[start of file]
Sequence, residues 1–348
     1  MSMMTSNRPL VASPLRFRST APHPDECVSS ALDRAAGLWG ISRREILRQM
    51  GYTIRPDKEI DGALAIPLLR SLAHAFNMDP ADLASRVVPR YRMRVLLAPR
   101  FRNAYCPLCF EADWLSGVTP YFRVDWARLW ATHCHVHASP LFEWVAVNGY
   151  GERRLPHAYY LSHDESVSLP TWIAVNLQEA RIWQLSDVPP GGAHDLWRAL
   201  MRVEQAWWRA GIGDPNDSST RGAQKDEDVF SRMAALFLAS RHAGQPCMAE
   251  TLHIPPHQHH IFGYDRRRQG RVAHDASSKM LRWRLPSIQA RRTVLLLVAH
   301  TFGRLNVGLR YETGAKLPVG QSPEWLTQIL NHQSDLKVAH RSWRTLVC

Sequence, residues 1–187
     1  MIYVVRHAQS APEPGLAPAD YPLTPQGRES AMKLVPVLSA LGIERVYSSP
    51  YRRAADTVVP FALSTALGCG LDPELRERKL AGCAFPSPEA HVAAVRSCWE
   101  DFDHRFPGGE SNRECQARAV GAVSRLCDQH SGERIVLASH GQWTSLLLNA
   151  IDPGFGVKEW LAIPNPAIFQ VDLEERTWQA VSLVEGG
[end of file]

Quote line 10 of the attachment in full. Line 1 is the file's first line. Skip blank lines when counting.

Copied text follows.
     1  MIYVVRHAQS APEPGLAPAD YPLTPQGRES AMKLVPVLSA LGIERVYSSP